The Rothschild group has been trading in Germany since the 1760s, but is only now establishing a presence there as an asset manager, with the aim of building a complete business.
EdRAM has no clients served directly out of Germany yet. But it is well prepared to expand eastwards - 28 of 32 funds it manages are already registered in Germany - "more than enough, because all the funds we need for Germany are registered there. In years past, it was quite a lengthy process to structure and register funds in Germany, which was a reason behind having Luxembourg funds as Luxembourg's regulator (CSSF) was fast. But Germany is now fast, too, so there is no problem in registering French-regulated funds."
The focus of EdRAM's range spreads from equities and convertible bonds to asset allocation. All the funds are long-only. Germany is one of 15 countries in which EdRAM products are authorized for distribution. Its structuring used to focus on Luxembourg Sicavs, but it has moved to using French-based structures instead.
"As long as a product is tax transparent, investors no longer worry if it is Luxembourg-domiciled, or coming from other areas," says Hengster.
EdRAM's clients should be prepared for their managers to deviate from benchmarks where they see opportunities, Hengster says. "For our clients - family offices for example - it is important that they be prepared to accept a higher tracking error, and be comfortable with more benchmark-free products, because we are active managers with bold convictions to offer performances that withstand the test of time."
The current climate suggests taking on more risk in portfolios might be important. Hengster says: "In an environment where bond markets are weak, corporate earnings are strong and stock market valuations are still attractive, German investors are becoming increasingly willing to raise their share of investments in stocks. At the same time, we are also seeing a growing interest in asset allocation services.
"What we see now is that the percentages investors generally have in their portfolios of equities is far below what they had decided earlier as a quota, whereas for bonds the actual percentage allocations are much too high, and the highest allocation is occurring in fixed income.
"With the combination of interest rate scenarios, credit risks affecting government securities in various countries and a huge need for better investment returns, the biggest trouble many investors face now is they have to get a certain return - and they will have to put more in equities otherwise they will never achieve goals. But to be able to afford to invest in equities, it is important to have some kind of risk appetite."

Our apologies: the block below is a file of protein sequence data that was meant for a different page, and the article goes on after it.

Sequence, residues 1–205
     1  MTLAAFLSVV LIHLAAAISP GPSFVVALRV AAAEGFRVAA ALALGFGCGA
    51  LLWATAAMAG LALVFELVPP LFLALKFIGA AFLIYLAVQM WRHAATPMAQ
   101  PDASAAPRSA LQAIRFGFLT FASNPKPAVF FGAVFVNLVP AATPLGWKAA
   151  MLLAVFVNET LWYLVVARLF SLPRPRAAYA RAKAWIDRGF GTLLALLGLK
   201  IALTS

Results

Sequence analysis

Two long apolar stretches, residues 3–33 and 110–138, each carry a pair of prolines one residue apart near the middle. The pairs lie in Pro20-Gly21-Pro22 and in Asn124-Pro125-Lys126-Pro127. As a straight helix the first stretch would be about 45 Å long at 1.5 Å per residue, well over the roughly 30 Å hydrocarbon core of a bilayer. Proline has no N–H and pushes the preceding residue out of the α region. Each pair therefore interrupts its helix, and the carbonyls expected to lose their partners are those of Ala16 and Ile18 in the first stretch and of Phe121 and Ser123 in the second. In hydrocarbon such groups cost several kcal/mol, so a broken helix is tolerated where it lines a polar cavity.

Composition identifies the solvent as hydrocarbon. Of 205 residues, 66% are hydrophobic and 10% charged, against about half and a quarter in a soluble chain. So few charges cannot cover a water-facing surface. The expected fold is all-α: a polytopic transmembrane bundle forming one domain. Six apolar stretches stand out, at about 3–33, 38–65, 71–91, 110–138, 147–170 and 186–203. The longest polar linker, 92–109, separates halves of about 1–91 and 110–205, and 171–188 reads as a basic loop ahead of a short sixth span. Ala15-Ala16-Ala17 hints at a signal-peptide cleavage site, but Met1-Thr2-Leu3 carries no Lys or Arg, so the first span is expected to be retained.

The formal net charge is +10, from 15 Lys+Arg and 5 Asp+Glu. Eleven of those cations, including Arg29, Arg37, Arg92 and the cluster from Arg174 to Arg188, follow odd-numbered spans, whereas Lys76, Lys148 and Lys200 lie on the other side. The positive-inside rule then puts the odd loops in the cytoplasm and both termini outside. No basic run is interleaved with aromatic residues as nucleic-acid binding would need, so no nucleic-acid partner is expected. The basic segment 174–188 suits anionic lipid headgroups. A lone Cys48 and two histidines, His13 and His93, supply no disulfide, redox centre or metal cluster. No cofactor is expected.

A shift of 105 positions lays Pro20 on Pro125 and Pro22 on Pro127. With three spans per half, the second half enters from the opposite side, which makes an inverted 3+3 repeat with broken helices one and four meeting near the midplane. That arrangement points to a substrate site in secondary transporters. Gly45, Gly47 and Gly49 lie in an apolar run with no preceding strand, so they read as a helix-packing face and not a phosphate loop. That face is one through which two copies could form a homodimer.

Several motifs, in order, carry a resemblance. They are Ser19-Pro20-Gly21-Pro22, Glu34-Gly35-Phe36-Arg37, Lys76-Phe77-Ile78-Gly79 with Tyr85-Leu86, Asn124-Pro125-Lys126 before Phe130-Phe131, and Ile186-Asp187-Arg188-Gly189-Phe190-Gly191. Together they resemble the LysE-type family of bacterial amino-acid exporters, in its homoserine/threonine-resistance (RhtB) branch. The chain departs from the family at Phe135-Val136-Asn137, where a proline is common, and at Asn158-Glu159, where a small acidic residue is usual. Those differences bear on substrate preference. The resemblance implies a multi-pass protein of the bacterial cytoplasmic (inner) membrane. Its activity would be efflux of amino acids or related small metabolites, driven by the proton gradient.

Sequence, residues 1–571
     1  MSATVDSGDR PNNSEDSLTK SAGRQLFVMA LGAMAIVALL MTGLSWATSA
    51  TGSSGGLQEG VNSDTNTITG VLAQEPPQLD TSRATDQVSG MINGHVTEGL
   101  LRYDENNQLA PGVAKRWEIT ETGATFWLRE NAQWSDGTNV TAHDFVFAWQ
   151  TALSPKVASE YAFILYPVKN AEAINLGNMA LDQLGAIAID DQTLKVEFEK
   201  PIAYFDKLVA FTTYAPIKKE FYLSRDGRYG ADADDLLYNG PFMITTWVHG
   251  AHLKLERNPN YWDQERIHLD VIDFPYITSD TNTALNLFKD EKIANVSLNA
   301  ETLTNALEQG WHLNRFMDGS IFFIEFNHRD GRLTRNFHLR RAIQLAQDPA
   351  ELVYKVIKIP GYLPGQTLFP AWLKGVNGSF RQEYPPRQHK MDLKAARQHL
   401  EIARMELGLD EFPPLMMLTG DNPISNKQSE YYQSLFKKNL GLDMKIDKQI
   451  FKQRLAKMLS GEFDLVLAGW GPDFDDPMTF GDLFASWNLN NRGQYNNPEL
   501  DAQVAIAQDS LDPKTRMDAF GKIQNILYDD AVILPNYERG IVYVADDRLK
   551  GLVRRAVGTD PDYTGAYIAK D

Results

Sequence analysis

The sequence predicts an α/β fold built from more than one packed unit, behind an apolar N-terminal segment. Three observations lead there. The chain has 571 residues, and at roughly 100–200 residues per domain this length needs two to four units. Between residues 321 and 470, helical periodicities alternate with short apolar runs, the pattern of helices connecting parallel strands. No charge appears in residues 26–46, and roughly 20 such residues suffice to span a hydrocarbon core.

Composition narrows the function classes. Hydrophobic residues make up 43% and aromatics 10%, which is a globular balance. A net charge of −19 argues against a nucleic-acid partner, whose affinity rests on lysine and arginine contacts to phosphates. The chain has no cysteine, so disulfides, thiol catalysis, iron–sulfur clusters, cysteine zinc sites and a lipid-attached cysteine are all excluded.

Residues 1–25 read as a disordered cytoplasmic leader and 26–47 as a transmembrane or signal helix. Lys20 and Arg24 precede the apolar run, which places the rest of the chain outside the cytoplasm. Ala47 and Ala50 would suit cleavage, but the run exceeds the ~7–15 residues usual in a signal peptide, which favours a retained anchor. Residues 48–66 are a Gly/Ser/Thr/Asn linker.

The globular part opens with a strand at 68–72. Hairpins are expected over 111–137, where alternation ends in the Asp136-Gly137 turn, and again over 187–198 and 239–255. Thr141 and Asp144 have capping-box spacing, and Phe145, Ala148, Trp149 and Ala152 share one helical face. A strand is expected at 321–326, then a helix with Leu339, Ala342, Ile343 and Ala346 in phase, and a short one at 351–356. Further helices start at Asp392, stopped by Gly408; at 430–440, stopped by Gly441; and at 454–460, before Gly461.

For investors who want a safety ‘cushion' built into their equity investments, EdRAM has €1.6bn worth of convertible bond funds with European, global and global emerging markets focus. Hengster says: "It is a good strategy for people who are positive on equities, but who also want some insurance. They may get to make two-thirds or 70% of any upwards movement [in the attached equity], but when equities are going down, they will participate in only one third of that.
"At the moment, there is quite a lot of new issuance activity in Asia, which is helpful because many people started investing years ago in European convertibles, then moved to global, and only now are now moving to EMs."
EdRAM also has various equities products for those wanting unfettered exposure to share markets, including $7.5bn in ten or so developing markets funds.
Hengster says emerging markets will continue to be important in allocation decisions of investors "even if over the next couple of years, we see some sideways movement in these markets, or if they are a bit weak for some time.
"It is no longer a discussion about being invested for a couple of months in China, for example, it is a strategic allocation and most large investors have 3% to 5% of their strategic allocation to EMs."
EdRAM set up its first Asian equity fund, the Saint-Honoré Chine fund, in 1998, and has since grown this to €850m. It also has similarly named funds focused on India, Brazil and global emerging markets.
In April 2006, parent company La Compagnie Financière Edmond de Rothschild became the first private bank in Europe to get a qualified foreign institutional investor licence that allowed it to invest in A and G shares in Shanghai and Shenzhen.
In addition, EdRAM has the Saint Honoré European Synergie fund, with about €1.5bn. It focuses on M&A and restructuring, and has beaten the MSCI Europe index in 2008, 2009, and 2010.
Hengster notes it is also important to have good investor relations, in terms of reporting, client meetings and transparency. Large investors should expect two face-to-face meetings with fund managers each year, plus regular reporting through other channels. "Other clients may be prepared to get updates via video conference, but just writing reports is not enough."